Castlevania, by Netflix and Konami

On the other hand, if you have fewer than four, people usually double up on duties and cover each other’s weaknesses. The wonderful Castlevania series on Netflix has a trio of characters that compliment each other. Trevor (center) is a great fighter and highly skilled at investigation, tracking, acrobatics, and other things due to his family history and personal adventuring. However, he has absolutely no talent with magic and tends to be bad at talking. Sypha (right) is a tremendously powerful mage and quite knowledgeable as a Speaker, but she isn’t one to use brute force often. Alucard (left) has superhuman strength, flight, can transform, and lives in a castle full of relics… but his upbringing left him rather scarred and unaccustomed to society. Together, each of the trio makes up for the flaws of the others, creating a solid team.

If the group plans ahead, they can carve up a role and split the duties amongst the party. Think of “off-tanks” that have a lot of survivability but do a considerable amount of damage, or (my favorite) a bard that has a lot of magic and skills to offer. Frequently this is something like divvying up skills to each party member so one covers physical stuff, one does social activities, one does stealthy things, etc. Whatever happens for the group, balance is key.

Balance, Min-maxing, and Dynamic Characters

Characters with flaws
Are more interesting than
Characters with none

– Me, on a gaming-haiku reddit thread that one time

I say all this because, when I was teaching kids to play ttrpgs, I frequently had to sway them from making characters that did one thing and one thing only. The amount of 5e rogues with nothing but stealth or barbarians with nothing but big-axe was immense. Parties full of melee martial characters weren’t fun for anyone when no one felt unique. What I taught the kids was to build characters with three goals in mind: one thing you excel at, one thing you’re okay at, and one thing you are bad at. Typically, I’d simplify this to combat, magic, and skills for the kids so they could make sense of what things they’d experience in the game. I still wound up with a bunch of rogues and barbarians, but at least they had a little diversity within the group.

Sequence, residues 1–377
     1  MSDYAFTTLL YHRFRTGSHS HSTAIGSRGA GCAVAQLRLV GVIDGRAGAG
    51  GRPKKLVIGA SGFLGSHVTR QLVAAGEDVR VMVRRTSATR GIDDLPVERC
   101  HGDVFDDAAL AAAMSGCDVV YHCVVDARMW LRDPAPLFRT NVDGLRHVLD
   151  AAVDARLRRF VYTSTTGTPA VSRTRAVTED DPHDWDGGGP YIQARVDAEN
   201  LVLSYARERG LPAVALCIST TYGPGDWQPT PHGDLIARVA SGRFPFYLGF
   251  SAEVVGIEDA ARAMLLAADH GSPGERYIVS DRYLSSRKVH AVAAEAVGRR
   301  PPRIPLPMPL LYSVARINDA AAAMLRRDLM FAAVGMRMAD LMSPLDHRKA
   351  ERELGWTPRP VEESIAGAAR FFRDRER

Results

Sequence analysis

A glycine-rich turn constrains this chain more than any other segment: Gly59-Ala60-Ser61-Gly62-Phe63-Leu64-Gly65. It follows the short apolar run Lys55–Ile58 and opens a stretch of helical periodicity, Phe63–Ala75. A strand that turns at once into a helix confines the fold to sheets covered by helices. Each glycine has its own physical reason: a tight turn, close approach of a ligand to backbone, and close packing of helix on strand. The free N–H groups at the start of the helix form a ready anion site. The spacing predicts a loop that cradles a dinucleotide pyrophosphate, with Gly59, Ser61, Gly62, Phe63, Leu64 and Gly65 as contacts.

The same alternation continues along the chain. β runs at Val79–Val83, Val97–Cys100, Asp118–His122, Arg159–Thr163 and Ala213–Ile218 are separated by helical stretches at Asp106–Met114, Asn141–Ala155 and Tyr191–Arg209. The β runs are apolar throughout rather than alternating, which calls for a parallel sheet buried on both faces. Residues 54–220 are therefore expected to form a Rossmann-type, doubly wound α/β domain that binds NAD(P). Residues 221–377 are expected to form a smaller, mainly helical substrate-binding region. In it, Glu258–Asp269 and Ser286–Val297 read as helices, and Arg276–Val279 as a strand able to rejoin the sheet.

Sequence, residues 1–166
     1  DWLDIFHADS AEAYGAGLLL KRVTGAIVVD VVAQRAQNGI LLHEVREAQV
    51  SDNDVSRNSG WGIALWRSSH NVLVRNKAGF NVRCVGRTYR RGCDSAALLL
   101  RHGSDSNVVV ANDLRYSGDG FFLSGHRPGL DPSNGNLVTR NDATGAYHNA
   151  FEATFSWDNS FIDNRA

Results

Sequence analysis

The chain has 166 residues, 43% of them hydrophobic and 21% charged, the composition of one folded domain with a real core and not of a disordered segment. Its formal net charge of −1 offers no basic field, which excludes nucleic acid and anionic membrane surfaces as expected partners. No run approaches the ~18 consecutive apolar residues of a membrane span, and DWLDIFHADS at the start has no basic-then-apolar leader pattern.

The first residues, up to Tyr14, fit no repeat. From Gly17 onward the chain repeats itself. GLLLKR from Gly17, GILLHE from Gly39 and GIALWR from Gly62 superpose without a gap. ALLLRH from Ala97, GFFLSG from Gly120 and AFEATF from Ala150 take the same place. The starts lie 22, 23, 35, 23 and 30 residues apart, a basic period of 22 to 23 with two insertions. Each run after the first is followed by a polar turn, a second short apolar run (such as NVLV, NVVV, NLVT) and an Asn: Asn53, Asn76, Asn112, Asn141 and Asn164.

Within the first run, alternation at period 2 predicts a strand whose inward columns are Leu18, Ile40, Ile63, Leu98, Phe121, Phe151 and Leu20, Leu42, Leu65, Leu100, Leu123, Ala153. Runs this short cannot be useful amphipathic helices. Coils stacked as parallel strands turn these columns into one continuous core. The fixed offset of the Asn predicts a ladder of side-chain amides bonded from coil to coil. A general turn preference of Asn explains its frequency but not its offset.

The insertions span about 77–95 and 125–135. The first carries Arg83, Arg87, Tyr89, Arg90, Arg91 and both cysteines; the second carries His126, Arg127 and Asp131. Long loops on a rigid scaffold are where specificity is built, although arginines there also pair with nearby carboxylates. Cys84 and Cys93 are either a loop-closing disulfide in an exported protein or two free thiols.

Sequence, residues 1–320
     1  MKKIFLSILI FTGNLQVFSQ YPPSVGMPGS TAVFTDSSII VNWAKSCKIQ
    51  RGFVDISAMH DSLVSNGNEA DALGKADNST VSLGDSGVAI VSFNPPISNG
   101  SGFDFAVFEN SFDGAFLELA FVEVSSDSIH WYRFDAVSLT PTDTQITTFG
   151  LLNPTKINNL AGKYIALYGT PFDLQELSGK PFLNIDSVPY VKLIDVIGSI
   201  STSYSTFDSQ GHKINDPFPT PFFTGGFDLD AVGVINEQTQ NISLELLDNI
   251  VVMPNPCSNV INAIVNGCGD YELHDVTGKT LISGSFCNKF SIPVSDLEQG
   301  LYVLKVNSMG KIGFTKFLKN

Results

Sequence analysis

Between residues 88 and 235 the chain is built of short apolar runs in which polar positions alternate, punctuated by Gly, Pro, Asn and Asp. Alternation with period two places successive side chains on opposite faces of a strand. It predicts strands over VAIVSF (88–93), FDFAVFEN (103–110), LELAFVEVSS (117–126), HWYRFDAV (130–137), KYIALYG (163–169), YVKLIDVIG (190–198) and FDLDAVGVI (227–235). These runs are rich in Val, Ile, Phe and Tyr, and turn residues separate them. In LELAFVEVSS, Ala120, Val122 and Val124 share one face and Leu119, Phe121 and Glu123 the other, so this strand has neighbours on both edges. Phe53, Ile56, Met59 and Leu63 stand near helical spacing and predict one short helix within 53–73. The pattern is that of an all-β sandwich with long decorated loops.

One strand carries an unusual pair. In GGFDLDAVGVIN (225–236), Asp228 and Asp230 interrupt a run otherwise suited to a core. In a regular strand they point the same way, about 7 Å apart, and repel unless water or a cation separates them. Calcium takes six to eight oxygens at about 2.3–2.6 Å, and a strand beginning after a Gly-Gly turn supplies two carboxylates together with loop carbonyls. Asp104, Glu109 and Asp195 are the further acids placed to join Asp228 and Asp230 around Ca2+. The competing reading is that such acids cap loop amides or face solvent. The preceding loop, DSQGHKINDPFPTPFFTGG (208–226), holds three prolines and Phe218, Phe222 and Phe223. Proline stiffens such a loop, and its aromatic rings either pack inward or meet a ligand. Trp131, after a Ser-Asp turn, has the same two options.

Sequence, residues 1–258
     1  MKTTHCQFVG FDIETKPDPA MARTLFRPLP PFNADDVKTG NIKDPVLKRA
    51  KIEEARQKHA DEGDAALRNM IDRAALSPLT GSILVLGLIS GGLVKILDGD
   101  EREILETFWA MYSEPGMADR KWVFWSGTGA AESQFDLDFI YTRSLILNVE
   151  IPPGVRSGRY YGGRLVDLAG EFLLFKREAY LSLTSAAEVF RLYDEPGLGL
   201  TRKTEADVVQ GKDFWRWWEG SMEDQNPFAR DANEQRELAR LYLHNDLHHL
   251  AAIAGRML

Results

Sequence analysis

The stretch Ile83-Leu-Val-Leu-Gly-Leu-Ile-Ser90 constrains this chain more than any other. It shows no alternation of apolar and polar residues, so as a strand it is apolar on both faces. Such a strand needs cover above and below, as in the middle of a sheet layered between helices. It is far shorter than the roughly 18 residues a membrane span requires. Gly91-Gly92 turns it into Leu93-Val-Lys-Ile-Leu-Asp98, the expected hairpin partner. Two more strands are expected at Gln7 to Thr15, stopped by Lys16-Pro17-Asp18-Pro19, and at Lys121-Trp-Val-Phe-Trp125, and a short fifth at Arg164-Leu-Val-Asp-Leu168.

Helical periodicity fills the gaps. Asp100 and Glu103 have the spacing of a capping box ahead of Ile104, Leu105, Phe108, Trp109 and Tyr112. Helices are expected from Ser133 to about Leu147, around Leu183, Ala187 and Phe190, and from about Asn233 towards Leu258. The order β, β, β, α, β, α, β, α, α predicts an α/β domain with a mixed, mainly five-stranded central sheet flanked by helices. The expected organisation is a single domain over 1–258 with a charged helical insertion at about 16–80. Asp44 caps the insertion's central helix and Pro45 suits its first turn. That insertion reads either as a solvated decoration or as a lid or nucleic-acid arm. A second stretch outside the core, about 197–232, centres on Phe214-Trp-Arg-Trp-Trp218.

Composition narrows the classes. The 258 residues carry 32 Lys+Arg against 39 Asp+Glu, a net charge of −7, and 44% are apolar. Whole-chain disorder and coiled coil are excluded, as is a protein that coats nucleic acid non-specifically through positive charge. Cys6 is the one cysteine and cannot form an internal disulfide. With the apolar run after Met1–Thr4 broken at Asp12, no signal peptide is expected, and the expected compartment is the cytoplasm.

Side-note: this isn’t to say a party can’t function perfectly well without a well-rounded group of characters. Any party make-up can work if the GM tailors the adventure to them. The problem with that is that the vast majority of content is written for at least somewhat balanced groups. A group of five barbarians with no magic, healing, or skill prowess can have a terrific time smashing all the things, but the moment the GM puts a trap in their way, things get hairy. Furthermore, it’s rare that every player wants to play the same thing as everyone else all the time and the GM wants to run encounters for such a group. A balanced group simply has more opportunities for everyone involved.


So that’s my “short” explanation about how I build characters in regards to parties. Or how I build parties in regards to characters. The long and short of it is to spread all the characters’ roles and each individual character’s roles around. The party as a whole should spread be well rounded, and each player should have a couple different options to pick from. Hyper-focused-specialization and spreading yourself too thin are both ways to find yourself in trouble. Or worse, utterly bored.

Other Posts
  • Filling in the Blanks
    I went over a method you can use to “mathematically” categorize a character concept or class. However, the class pyramid isn’t limited to this use. It can be a very versatile tool if you know how to use it.
  • Make Love, Not Warlock
    Last in our trio of pseudo-warlocks uses the Psychic class. While there’s no exact copy of eldritch blast, Psychics are the superstars of cantrips and adding bonus effects on your spells.
    Magus is all about combining spells and martial prowess, perfect for a Blade Warlock. Their signature ability Spellstrike has you attack a foe with a weapon and unleash a spell against them all at once.

2 thoughts on “It Builds Character

  1. As a player, I usually like to build hyper-focused characters. One of my earliest characters: Dale Pheonix-soul did literally only fire damage which was fine early on but was a hindrance at high levels when most things were immune to fire damage. The damage type most things are immune to. Eventually, I dipped that character into some healing spells and holy damage and they became much more enjoyable to play. Nowadays most of my characters are built with a singular intent but ill find ways to loop alternate roles into that single intent with a few side spells or abilities.